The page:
Important lessons learnt in the year gone by

I have hypothyroidism- have had it since I was a teenager. I take 125 microgram of Synthroid daily. I get my thyroid function tested every 6 months and the hormone levels have been quite stable for several years. This was easy for me to share and I am sure you read this information without much emotion.

I have depression. I was diagnosed  1 year ago. I take 100 milligram of Zoloft daily. I see my therapist once a week and I am doing great. Unfortunately, this is much harder for me to share and I am pretty sure you feel a tad uncomfortable right now.

I spend a lot of time in my role as a pediatrician, dispelling myths related to mental illness. Here are some of them:

  1. Mental illnesses are a result of “weakness” of personality
  2. Mental illnesses are very rare. I am extremely unlikely to be affected by any mental illness
  3. People with mental illness are just seeking attention
  4. One does not need treatment for depression. ” Just cheer up”
  5. People with mental illness cannot be functioning members of society

Most mental illnesses are caused by a combination of genetic problems, chemical imbalances in the body (eg hormones or neurotransmitters) and environmental or social stresses. This is not very different from the pathology behind several common ( and socially acceptable) diseases like Diabetes, Thyroid disorders, Asthma etc. Mental illnesses are very common– In 2014, there were an estimated 43.6 million adults aged 18 or older in the United States with any mental illness diagnosed within the past year. This number represented 18.1% of all U.S. adults. Compare that with Diabetes– an estimated 29.1 million people in the US have Diabetes- ALL people, not just adults. We would never dream of advising a friend or family member with Diabetes to “Shake it off”, would we? Nor would we expect them to give up on school, work or fulfilling their societal role. A mental illness is a medical problem exactly like any other medical problem. Period.

I feel strongly about these issues. I detest the fact that there is unnecessary stigma attached to a diagnosis of depression, anxiety, bipolar disorder, schizophrenia or any other psychiatric condition. Therefore, I will talk about my experience beating depression without the fear of being judged or misunderstood.

It is important to be screened for symptoms of depression regularly. That’s because depression is common and the symptoms may creep up on you slowly but steadily before you realize you are getting sick. That is what happened to me. Despite being aware of the symptoms, I was not checking in on myself and by the time I got diagnosed and started treatment, depression had affected my sleep, my sense of worth, my levels of energy and my ability to enjoy my loved ones. Days seemed foggy and nights were full of despair. Those were the darkest times of my life.

Thankfully, with the unquestioning support of my family (they are the best!), the correct medication and psychotherapy, the fog lifted and it was light again. Today that light shines as bright as ever. I wish to share this light with the whole world so that others may avoid falling into the dark pit that is severe depression.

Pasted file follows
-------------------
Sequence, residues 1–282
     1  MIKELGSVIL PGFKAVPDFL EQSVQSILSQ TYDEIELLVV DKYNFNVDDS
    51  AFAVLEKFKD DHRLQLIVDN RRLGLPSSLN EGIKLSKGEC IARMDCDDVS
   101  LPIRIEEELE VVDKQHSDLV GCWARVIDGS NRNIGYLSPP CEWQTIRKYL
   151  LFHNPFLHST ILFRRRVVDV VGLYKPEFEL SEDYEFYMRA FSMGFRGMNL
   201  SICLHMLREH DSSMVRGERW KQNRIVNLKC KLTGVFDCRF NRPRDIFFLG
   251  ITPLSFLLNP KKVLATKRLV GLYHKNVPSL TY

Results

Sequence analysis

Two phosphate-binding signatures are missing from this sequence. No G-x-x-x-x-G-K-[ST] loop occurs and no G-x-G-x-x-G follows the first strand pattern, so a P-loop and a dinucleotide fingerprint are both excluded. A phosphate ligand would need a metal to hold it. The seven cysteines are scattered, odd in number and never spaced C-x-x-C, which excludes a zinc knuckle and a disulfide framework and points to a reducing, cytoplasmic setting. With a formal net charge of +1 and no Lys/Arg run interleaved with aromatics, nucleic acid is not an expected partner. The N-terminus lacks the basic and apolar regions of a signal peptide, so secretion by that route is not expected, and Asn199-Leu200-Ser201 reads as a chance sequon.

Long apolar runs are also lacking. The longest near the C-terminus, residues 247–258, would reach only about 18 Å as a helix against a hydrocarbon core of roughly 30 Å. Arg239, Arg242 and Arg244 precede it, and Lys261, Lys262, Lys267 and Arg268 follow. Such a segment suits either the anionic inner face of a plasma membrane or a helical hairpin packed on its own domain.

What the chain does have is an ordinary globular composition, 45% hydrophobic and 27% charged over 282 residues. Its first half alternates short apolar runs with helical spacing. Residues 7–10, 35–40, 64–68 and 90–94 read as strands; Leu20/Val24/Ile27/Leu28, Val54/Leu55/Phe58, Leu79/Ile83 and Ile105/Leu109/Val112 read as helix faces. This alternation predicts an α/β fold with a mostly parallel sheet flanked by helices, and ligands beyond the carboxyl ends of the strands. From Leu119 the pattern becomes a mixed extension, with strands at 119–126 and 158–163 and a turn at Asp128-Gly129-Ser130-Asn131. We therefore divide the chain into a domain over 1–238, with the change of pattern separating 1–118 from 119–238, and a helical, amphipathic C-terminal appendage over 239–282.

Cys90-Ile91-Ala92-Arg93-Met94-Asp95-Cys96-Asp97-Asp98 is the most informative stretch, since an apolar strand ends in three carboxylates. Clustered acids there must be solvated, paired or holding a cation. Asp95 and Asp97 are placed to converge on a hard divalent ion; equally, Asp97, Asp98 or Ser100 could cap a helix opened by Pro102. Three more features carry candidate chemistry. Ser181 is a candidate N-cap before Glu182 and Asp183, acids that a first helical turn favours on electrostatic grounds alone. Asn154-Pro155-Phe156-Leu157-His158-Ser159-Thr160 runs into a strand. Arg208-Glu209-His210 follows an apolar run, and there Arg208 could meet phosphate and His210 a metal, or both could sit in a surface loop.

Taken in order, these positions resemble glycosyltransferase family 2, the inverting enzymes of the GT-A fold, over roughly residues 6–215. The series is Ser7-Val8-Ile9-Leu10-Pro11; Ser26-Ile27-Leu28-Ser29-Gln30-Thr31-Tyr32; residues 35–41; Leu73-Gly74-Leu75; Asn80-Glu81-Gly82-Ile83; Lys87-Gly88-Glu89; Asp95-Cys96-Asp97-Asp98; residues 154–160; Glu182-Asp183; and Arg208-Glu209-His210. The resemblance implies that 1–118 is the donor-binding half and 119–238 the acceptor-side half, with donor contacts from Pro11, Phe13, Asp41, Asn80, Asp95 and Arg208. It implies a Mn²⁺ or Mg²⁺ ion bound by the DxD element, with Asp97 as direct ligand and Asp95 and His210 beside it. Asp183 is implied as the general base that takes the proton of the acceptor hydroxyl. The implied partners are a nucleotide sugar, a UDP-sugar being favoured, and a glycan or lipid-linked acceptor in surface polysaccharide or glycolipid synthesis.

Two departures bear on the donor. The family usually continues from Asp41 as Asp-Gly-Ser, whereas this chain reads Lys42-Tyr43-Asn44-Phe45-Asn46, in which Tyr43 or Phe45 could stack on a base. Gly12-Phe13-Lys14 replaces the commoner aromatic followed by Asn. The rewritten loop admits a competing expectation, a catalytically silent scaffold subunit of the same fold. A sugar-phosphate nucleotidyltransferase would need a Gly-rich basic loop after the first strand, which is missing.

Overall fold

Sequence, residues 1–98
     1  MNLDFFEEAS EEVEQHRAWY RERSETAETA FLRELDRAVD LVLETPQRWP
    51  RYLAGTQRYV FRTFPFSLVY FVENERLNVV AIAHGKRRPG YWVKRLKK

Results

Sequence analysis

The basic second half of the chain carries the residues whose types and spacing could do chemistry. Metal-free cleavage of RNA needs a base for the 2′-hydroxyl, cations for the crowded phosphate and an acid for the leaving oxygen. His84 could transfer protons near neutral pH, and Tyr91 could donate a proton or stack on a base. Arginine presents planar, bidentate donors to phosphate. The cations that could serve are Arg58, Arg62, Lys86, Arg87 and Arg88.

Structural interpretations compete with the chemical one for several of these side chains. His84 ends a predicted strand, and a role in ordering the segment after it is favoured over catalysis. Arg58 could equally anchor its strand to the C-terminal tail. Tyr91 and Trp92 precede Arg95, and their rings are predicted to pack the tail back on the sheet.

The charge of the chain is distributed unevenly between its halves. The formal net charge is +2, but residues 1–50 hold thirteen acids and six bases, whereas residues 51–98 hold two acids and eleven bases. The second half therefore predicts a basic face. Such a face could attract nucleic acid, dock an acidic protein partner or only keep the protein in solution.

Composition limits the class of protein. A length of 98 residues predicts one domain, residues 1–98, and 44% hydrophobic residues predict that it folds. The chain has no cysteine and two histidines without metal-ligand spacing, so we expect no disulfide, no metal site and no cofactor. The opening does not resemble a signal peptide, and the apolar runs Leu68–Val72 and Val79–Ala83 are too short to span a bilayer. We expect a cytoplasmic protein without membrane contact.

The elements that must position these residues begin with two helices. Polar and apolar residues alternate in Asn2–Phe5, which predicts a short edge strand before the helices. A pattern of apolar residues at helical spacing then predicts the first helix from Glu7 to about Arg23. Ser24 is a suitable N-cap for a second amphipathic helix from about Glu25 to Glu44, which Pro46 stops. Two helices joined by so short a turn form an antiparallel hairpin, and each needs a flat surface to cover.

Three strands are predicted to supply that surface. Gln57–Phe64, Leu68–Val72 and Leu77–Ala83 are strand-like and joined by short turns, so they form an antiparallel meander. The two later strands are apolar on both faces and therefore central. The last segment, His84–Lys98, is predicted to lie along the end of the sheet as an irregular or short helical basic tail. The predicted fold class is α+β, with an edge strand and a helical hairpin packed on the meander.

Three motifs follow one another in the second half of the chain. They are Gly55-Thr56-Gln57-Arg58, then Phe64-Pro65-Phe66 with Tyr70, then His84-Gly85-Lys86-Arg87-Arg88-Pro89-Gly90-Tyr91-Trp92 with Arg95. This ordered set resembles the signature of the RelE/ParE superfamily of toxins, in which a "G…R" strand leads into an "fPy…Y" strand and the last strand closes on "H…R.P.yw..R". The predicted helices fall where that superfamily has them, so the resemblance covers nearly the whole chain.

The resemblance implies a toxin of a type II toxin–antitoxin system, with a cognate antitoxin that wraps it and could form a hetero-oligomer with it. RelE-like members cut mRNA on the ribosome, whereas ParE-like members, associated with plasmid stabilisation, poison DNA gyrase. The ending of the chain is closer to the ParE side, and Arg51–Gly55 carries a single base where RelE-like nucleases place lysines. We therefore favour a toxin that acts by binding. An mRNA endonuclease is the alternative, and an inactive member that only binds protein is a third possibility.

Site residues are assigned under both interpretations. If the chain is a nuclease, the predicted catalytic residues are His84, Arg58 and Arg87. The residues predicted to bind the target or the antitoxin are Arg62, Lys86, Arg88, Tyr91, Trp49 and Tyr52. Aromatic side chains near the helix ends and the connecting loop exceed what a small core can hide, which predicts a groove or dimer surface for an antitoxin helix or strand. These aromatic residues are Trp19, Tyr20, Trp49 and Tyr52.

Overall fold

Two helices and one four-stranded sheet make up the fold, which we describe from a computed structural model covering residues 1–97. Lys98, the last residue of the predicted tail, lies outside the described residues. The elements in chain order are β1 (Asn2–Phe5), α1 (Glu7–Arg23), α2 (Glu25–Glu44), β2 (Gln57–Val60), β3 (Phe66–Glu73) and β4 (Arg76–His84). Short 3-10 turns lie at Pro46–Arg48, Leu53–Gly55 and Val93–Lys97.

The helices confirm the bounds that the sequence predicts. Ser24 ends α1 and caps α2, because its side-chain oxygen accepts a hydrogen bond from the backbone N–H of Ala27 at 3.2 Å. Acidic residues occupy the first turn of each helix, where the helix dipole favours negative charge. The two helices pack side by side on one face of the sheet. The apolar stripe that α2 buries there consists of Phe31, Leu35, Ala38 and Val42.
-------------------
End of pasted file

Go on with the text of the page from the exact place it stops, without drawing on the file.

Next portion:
The theory of mind assumes the ability of human beings to acknowledge and predict intentions, thoughts, desires and behavioral reactions to oneself and to others. It is regarded as an essential prerequisite for successful human social interaction (Adolphs, 2003) through an awareness that others have a mind with  mental states that may differ from one’s own.

In simple words, we all have the innate ability to be aware. To be truly conscious of our own and others’ state of mind. Think about the last time you noted how aware you were of your thoughts and actions, and how many times have you been able to acknowledge in the heat of the moment that others are sometimes incapable of agreeing with you because they have a mental life completely different from your own?

Lives are lost in the pursuit of knowledge of the self, when we are all born with the blueprint to ourselves and others’~yet, we are lost. Perhaps running around in circles, missing the locus within.

Today, on the cusp of change, as we delve into another year full of excitement, unpredictability and the inevitable pursuit of happiness…let’s acknowledge “the self”- ours and that of others and resolve to be aware.

Let us make this pledge:



5 thoughts on “Important lessons learnt in the year gone by

  1. Ashish says:

    Social stigma about mental health needs to disappear. Folks are expected to keep mum at a time when they need to reach out and be reached out to the most. Thumbs up on taking the right steps for self-care and thanks for educating a wider audience.

    Liked by 1 person

    • Paridhi says:

      Thank you for reading and appreciating. I just figured I cannot complain about the stigma if I don’t talk about my own diagnosis. If it gives even one person the strength to open up about their pain, it’s worth it.


  2. Sapna says:

    Beautiful article…i have suffered d same and wid medications i was perfectly fine…
    .we being doctors cud suspect dat it is depression but it is actually very tough especially wen everybody around is saying ki sab apne aap theek ho jaayega.


    • Paridhi says:

      Thank you so much for sharing. Awareness will spread only when we talk about depression openly. I’m glad you are feeling better and hope you continue to check in on yourself. Sab theek hota nahi, karna parta hai, hai na?


Leave a Reply

Fill in your details below or click an icon to log in: Logo

You are commenting using your account. Log Out /  Change )

Facebook photo

You are commenting using your Facebook account. Log Out /  Change )

Connecting to %s